Christmas Child Tells a Story by Nancy Byrd Turner

“It was crammed and laden and bent with fruit,
The tree that bore in a night;
Rich with treasure from tip to root,
A very goodly sight.
Dim in the parlor’s gloom it showed,
When a tiny gleam at the window glowed;
When over the hills a rooster crowed,
It thrilled through all its height.

“A rubber doll on a distant limb
Stretched with a sleepy word;
A little lead soldier answered him,
And a big stuffed elephant stirred.
A quiver flickered the pop-corn strings,
Fluttered the tinsel angel’s wings,
Tinkled the silver balls and things,
Till all of the company heard.
“A jack-in-the-box with a frisky eye
Suddenly jumped his lid,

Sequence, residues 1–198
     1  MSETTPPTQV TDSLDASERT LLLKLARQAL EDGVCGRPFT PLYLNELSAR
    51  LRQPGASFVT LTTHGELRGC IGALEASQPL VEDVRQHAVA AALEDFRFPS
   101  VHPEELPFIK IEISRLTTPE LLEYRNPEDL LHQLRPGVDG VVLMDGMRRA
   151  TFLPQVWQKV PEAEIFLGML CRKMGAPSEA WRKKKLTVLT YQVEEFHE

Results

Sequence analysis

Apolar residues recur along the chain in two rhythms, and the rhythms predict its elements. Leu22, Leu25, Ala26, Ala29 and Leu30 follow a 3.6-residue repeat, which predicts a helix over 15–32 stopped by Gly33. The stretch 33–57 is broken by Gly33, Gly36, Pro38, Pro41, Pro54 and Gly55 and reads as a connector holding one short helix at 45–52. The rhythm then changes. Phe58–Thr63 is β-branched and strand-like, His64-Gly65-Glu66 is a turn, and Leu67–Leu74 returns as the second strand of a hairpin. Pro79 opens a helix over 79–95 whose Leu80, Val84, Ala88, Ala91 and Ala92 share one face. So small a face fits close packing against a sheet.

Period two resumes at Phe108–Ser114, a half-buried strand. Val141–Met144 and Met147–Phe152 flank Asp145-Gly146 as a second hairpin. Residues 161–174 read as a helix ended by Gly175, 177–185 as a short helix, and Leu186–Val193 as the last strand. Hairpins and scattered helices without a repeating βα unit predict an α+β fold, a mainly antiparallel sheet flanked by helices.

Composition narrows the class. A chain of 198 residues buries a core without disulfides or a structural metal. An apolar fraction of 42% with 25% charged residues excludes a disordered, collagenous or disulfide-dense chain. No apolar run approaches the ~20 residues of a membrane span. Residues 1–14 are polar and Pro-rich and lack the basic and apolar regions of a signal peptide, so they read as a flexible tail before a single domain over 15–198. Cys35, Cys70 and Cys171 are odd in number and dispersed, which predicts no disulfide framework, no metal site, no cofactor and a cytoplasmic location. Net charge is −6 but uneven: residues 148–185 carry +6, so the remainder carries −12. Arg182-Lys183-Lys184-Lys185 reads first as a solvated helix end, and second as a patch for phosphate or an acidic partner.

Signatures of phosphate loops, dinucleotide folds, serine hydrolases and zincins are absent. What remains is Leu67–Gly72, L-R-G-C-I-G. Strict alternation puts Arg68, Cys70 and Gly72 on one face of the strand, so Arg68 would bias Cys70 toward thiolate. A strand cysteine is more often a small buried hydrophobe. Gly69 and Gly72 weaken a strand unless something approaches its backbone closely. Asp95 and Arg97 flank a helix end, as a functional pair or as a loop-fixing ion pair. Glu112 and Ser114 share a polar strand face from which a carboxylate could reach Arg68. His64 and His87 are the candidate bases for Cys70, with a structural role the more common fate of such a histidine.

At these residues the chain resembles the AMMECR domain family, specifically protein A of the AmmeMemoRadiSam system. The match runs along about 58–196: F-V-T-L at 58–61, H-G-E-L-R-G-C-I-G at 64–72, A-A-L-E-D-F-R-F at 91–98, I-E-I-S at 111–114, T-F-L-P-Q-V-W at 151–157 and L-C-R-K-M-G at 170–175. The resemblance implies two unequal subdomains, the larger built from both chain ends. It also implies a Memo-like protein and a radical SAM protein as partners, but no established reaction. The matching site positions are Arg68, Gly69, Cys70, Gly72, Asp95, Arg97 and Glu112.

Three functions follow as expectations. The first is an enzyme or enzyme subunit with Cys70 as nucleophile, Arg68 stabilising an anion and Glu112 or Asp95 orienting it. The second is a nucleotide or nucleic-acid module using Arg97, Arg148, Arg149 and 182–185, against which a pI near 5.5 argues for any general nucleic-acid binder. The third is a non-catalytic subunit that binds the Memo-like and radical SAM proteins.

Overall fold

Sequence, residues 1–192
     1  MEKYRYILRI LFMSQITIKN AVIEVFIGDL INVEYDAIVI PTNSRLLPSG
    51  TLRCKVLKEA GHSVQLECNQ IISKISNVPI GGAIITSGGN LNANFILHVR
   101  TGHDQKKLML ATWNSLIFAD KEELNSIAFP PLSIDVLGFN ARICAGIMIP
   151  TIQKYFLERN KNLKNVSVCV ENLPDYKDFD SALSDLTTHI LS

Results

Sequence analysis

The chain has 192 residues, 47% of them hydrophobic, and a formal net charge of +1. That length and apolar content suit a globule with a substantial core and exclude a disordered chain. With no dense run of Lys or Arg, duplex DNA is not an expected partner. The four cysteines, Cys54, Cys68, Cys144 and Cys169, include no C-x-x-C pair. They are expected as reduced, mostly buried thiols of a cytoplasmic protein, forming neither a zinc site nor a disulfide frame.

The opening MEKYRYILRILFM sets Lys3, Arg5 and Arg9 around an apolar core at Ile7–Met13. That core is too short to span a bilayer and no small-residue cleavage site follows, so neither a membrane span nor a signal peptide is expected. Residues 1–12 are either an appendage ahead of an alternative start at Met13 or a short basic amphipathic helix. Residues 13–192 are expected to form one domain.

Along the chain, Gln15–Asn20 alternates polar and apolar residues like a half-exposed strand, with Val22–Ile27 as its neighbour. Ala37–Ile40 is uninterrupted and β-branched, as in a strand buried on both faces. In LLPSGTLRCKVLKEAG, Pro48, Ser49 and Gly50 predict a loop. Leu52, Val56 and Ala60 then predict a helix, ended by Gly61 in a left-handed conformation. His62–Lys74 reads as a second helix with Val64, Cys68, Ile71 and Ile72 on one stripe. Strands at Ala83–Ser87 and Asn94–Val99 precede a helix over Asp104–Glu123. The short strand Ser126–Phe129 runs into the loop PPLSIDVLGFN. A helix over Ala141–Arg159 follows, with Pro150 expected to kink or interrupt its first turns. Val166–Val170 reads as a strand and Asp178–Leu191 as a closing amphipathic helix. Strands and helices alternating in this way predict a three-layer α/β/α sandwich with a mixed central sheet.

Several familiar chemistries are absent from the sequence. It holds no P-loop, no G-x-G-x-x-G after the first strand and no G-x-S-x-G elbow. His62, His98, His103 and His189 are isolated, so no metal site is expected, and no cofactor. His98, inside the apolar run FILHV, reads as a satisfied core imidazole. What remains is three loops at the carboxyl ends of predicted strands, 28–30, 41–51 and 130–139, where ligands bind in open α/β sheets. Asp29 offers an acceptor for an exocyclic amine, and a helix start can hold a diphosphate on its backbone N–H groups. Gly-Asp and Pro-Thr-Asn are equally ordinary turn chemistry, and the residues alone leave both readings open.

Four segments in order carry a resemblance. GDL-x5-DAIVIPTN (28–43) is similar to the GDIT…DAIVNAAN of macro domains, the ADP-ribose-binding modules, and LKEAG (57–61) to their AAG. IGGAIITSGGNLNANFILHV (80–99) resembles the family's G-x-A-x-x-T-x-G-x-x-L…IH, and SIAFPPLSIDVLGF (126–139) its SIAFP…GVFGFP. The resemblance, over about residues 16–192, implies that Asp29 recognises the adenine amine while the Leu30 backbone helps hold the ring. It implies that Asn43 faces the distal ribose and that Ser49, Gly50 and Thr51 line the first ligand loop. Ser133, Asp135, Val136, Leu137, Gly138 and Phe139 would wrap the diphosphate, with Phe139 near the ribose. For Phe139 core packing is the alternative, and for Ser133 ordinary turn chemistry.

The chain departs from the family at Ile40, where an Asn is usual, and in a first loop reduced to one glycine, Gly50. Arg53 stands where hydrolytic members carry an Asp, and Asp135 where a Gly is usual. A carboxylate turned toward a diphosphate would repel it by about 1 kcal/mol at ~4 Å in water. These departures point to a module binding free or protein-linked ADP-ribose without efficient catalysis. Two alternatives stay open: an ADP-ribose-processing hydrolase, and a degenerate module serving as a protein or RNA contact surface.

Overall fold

And a white-rag rabbit that hung close by
Squeaked with fright when he did;
A dog from London began to bark;
The animals in the Noah’s ark
Struggled and scuffled in the dark,
Back in the branches hid.

“The large French doll (she was very vain)
Settled her silk and lace;
The rocking horse of the tawny mane
Struck up a gentle pace;
And hither and thither the boughs among,
Sampling the goodies, tooth and tongue,
A mechanical monkey slid and swung
With agile monkey grace.

“All was still when the children came
With candle-stars adorning;
Somebody heard and hissed a name,
Whispered a sudden warning.
Now don’t get curious, people, please.
It’s generally known that things like these
Only happen to Christmas trees
Quite early Christmas morning.”